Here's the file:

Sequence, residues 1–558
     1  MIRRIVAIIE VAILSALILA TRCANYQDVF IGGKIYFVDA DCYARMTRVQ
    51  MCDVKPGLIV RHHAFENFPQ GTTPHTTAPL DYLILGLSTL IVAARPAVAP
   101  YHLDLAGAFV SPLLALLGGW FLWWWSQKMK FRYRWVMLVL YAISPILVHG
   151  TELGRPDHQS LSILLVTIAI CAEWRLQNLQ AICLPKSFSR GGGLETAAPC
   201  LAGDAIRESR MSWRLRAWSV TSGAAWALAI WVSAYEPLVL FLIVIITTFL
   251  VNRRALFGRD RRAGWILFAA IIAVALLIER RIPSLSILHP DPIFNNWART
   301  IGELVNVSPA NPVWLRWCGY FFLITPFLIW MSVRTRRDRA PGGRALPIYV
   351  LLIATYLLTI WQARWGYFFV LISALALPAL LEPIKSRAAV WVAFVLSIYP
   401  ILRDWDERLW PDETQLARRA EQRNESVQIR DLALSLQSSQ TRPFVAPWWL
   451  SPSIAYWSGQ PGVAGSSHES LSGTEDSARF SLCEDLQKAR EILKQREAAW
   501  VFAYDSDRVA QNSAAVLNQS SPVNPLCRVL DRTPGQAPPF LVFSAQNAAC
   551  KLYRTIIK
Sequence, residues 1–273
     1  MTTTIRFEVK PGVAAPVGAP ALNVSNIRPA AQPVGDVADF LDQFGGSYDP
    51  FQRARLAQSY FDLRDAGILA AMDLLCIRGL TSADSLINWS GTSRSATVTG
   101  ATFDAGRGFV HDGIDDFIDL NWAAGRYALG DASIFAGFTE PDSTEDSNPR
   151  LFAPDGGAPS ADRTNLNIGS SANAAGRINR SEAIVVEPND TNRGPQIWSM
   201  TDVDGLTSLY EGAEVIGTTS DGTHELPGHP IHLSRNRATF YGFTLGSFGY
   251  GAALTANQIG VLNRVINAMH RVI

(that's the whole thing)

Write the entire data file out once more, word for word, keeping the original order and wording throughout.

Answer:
Sequence, residues 1–558
     1  MIRRIVAIIE VAILSALILA TRCANYQDVF IGGKIYFVDA DCYARMTRVQ
    51  MCDVKPGLIV RHHAFENFPQ GTTPHTTAPL DYLILGLSTL IVAARPAVAP
   101  YHLDLAGAFV SPLLALLGGW FLWWWSQKMK FRYRWVMLVL YAISPILVHG
   151  TELGRPDHQS LSILLVTIAI CAEWRLQNLQ AICLPKSFSR GGGLETAAPC
   201  LAGDAIRESR MSWRLRAWSV TSGAAWALAI WVSAYEPLVL FLIVIITTFL
   251  VNRRALFGRD RRAGWILFAA IIAVALLIER RIPSLSILHP DPIFNNWART
   301  IGELVNVSPA NPVWLRWCGY FFLITPFLIW MSVRTRRDRA PGGRALPIYV
   351  LLIATYLLTI WQARWGYFFV LISALALPAL LEPIKSRAAV WVAFVLSIYP
   401  ILRDWDERLW PDETQLARRA EQRNESVQIR DLALSLQSSQ TRPFVAPWWL
   451  SPSIAYWSGQ PGVAGSSHES LSGTEDSARF SLCEDLQKAR EILKQREAAW
   501  VFAYDSDRVA QNSAAVLNQS SPVNPLCRVL DRTPGQAPPF LVFSAQNAAC
   551  KLYRTIIK
Sequence, residues 1–273
     1  MTTTIRFEVK PGVAAPVGAP ALNVSNIRPA AQPVGDVADF LDQFGGSYDP
    51  FQRARLAQSY FDLRDAGILA AMDLLCIRGL TSADSLINWS GTSRSATVTG
   101  ATFDAGRGFV HDGIDDFIDL NWAAGRYALG DASIFAGFTE PDSTEDSNPR
   151  LFAPDGGAPS ADRTNLNIGS SANAAGRINR SEAIVVEPND TNRGPQIWSM
   201  TDVDGLTSLY EGAEVIGTTS DGTHELPGHP IHLSRNRATF YGFTLGSFGY
   251  GAALTANQIG VLNRVINAMH RVI